5. funniest story today! By SIOBHAN GORMAN, YOCHI J. DREAZEN and AUGUST COLE WASHINGTON -- Militants in Iraq have used $26 off-the-shelf software to intercept live video feeds from U.S. Predator drones, potentially providing them with information they need to evade or monitor U.S. military operations. Senior defense and intelligence officials said Iranian-backed insurgents intercepted the video feeds by taking advantage of an unprotected communications link in some of the remotely flown planes' systems. Shiite fighters in Iraq used software programs such as SkyGrabber -- available for as little as $25.95 on the Internet -- to regularly capture drone video feeds, according to a person familiar with reports on the matter. U.S. officials say there is no evidence that militants were able to take control of the drones or otherwise interfere with their flights. Still, the intercepts could give America's enemies battlefield advantages by removing the element of surprise from certain missions and making it easier for insurgents to determine which roads and buildings are under U.S. surveillance. The drone intercepts mark the emergence of a shadow cyber war within the U.S.-led conflicts overseas. They also point to a potentially serious vulnerability in Washington's growing network of unmanned drones, which have become the American weapon of choice in both Afghanistan and Pakistan. The Obama administration has come to rely heavily on the unmanned drones because they allow the U.S. to safely monitor and stalk insurgent targets in areas where sending American troops would be either politically untenable or too risky. The stolen video feeds also indicate that U.S. adversaries continue to find simple ways of counteracting sophisticated American military technologies. U.S. military personnel in Iraq discovered the problem late last year when they apprehended a Shiite militant whose laptop contained files of intercepted drone video feeds. In July, the U.S. military found pirated drone video feeds on other militant laptops, leading some officials to conclude that militant groups trained and funded by Iran were regularly intercepting feeds. In the summer 2009 incident, the military found "days and days and hours and hours of proof" that the feeds were being intercepted and shared with multiple extremist groups, the person said. "It is part of their kit now." A senior defense official said that James Clapper, the Pentagon's intelligence chief, assessed the Iraq intercepts at the direction of Defense Secretary Robert Gates and concluded they represented a shortcoming to the security of the drone network. "There did appear to be a vulnerability," the defense official said. "There's been no harm done to troops or missions compromised as a result of it, but there's an issue that we can take care of and we're doing so." Senior military and intelligence officials said the U.S. was working to encrypt all of its drone video feeds from Iraq, Afghanistan and Pakistan, but said it wasn't yet clear if the problem had been completely resolved. Some of the most detailed evidence of intercepted feeds has been discovered in Iraq, but adversaries have also intercepted drone video feeds in Afghanistan, according to people briefed on the matter. These intercept techniques could be employed in other locations where the U.S. is using pilotless planes, such as Pakistan, Yemen and Somalia, they said. The Pentagon is deploying record numbers of drones to Afghanistan as part of the Obama administration's troop surge there. Lt. Gen. David Deptula, who oversees the Air Force's unmanned aviation program, said some of the drones would employ a sophisticated new camera system called "Gorgon Stare," which allows a single aerial vehicle to transmit back at least 10 separate video feeds simultaneously. Gen. Deptula, speaking to reporters Wednesday, said there were inherent risks to using drones since they are remotely controlled and need to send and receive video and other data over great distances. "Those kinds of things are subject to listening and exploitation," he said, adding the military was trying to solve the problems by better encrypting the drones' feeds. The potential drone vulnerability lies in an unencrypted downlink between the unmanned craft and ground control. The U.S. government has known about the flaw since the U.S. campaign in Bosnia in the 1990s, current and former officials said. But the Pentagon assumed local adversaries wouldn't know how to exploit it, the officials said. Last December, U.S. military personnel in Iraq discovered copies of Predator drone feeds on a laptop belonging to a Shiite militant, according to a person familiar with reports on the matter. "There was evidence this was not a one-time deal," this person said. The U.S. accuses Iran of providing weapons, money and training to Shiite fighters in Iraq, a charge that Tehran has long denied. The militants use programs such as SkyGrabber, from Russian company SkySoftware. Andrew Solonikov, one of the software's developers, said he was unaware that his software could be used to intercept drone feeds. "It was developed to intercept music, photos, video, programs and other content that other users download from the Internet -- no military data or other commercial data, only free legal content," he said by email from Russia. Officials stepped up efforts to prevent insurgents from intercepting video feeds after the July incident. The difficulty, officials said, is that adding encryption to a network that is more than a decade old involves more than placing a new piece of equipment on individual drones. Instead, many components of the network linking the drones to their operators in the U.S., Afghanistan or Pakistan have to be upgraded to handle the changes. Additional concerns remain about the vulnerability of the communications signals to electronic jamming, though there's no evidence that has occurred, said people familiar with reports on the matter. Predator drones are built by General Atomics Aeronautical Systems Inc. of San Diego. Some of its communications technology is proprietary, so widely used encryption systems aren't readily compatible, said people familiar with the matter. In an email, a spokeswoman said that for security reasons, the company couldn't comment on "specific data link capabilities and limitations." Fixing the security gap would have caused delays, according to current and former military officials. It would have added to the Predator's price. Some officials worried that adding encryption would make it harder to quickly share time-sensitive data within the U.S. military, and with allies. "There's a balance between pragmatics and sophistication," said Mike Wynne, Air Force Secretary from 2005 to 2008. The Air Force has staked its future on unmanned aerial vehicles. Drones account for 36% of the planes in the service's proposed 2010 budget. Today, the Air Force is buying hundreds of Reaper drones, a newer model, whose video feeds could be intercepted in much the same way as with the Predators, according to people familiar with the matter. A Reaper costs between $10 million and $12 million each and is faster and better armed than the Predator. General Atomics expects the Air Force to buy as many as 375 Reapers. Write to Siobhan Gorman at, Yochi J. Dreazen at and August Cole at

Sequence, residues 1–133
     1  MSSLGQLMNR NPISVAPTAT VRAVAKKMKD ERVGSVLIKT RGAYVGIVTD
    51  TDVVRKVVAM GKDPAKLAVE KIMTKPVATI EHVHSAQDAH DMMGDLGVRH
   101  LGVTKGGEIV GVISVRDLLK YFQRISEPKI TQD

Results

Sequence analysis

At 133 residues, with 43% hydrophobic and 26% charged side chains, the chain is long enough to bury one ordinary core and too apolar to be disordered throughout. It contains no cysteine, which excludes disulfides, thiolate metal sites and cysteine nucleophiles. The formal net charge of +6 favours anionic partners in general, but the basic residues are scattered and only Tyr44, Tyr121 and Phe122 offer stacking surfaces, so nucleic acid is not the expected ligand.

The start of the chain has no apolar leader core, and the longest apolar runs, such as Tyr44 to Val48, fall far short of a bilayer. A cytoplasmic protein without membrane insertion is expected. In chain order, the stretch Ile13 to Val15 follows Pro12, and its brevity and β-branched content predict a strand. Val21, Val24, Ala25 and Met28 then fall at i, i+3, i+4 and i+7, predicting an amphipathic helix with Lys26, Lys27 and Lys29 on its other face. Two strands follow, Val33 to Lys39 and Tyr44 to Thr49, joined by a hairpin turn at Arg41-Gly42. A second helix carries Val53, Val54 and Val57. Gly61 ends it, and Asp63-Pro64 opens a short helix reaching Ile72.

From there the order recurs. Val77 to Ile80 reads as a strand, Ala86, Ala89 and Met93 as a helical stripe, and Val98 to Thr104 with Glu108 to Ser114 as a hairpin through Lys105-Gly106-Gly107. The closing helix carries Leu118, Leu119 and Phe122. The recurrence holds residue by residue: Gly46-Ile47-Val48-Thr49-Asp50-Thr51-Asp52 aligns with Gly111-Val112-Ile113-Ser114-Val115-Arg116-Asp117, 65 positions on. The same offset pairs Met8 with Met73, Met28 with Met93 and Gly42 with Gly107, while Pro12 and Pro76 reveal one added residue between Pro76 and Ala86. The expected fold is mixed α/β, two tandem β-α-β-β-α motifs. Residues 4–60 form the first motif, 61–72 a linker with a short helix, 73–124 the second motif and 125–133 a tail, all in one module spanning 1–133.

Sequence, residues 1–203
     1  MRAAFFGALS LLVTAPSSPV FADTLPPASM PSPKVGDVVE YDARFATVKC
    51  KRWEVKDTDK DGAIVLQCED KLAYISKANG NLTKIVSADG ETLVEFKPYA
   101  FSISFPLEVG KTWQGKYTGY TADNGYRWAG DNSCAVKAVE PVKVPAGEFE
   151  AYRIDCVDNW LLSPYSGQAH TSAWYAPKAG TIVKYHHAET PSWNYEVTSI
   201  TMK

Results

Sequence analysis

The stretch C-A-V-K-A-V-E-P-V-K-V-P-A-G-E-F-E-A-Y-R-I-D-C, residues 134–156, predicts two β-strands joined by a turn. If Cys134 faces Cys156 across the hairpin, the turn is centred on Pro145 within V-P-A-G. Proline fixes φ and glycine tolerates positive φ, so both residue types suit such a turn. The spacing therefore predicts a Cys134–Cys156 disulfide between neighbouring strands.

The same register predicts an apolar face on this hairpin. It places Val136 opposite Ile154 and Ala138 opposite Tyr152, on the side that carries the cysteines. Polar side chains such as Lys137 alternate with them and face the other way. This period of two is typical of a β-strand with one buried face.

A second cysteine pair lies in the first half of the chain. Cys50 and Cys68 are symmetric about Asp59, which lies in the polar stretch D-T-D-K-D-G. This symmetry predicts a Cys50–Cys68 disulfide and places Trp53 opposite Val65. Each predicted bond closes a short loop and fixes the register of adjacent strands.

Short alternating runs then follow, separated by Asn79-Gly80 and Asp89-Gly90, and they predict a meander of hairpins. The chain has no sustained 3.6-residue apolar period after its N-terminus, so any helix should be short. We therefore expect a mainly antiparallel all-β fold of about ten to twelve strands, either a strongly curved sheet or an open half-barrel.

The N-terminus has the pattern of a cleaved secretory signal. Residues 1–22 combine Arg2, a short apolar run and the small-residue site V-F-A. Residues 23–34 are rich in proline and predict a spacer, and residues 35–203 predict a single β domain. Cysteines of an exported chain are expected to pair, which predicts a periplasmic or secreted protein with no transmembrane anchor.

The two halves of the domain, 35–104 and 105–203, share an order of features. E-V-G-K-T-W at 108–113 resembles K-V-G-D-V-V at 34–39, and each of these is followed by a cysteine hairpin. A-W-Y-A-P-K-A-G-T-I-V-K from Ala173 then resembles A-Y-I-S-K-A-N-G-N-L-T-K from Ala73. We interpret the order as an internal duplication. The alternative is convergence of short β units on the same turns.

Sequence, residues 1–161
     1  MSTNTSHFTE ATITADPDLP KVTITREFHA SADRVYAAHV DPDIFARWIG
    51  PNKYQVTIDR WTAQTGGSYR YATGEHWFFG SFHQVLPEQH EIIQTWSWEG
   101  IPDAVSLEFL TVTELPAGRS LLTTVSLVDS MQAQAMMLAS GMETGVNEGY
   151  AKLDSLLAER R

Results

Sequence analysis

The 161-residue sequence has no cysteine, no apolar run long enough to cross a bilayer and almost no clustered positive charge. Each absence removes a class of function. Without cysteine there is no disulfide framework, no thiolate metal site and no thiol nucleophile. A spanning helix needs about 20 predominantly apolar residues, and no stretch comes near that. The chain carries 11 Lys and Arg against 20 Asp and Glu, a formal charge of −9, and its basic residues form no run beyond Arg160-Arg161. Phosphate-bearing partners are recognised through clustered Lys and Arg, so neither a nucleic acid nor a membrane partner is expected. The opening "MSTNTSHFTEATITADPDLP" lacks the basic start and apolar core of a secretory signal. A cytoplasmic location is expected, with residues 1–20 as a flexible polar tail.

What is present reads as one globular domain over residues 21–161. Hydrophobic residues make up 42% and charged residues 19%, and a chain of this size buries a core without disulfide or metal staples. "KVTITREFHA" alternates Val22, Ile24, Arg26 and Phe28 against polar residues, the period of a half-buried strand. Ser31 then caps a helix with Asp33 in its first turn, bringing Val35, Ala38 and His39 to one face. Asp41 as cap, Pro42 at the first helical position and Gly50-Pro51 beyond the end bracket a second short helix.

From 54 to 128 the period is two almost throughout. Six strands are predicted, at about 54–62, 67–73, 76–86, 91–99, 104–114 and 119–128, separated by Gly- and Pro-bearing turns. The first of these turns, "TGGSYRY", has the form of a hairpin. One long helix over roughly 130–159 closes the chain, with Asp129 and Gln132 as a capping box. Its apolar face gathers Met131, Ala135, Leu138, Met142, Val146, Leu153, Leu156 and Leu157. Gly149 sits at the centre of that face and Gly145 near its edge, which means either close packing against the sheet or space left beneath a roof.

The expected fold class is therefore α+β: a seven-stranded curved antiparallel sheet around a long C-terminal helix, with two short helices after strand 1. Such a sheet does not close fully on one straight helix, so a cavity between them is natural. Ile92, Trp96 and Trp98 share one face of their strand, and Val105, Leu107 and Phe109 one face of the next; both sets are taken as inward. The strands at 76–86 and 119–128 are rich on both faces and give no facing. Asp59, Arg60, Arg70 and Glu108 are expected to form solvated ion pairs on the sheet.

6. lol... Max Power—he's the man whose name you'd love to touch... But, you musn't touch! His name sounds good in your ear But when you say it, you mustn't fear Because his name can be said by anyone! Including me happy birthday Max Powers, our very own Homer Simpson. Have a good one.